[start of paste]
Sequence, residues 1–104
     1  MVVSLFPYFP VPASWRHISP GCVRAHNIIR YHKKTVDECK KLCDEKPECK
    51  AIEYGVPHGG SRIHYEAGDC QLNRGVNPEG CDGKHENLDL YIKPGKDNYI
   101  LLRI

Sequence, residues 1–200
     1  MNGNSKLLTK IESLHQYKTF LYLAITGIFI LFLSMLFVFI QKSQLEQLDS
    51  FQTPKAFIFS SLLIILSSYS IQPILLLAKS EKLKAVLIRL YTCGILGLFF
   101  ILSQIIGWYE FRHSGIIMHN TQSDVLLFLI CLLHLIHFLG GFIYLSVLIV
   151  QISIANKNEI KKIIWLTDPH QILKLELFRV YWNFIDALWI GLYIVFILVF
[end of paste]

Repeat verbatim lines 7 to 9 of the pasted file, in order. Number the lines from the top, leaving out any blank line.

    51  FQTPKAFIFS SLLIILSSYS IQPILLLAKS EKLKAVLIRL YTCGILGLFF
   101  ILSQIIGWYE FRHSGIIMHN TQSDVLLFLI CLLHLIHFLG GFIYLSVLIV
   151  QISIANKNEI KKIIWLTDPH QILKLELFRV YWNFIDALWI GLYIVFILVF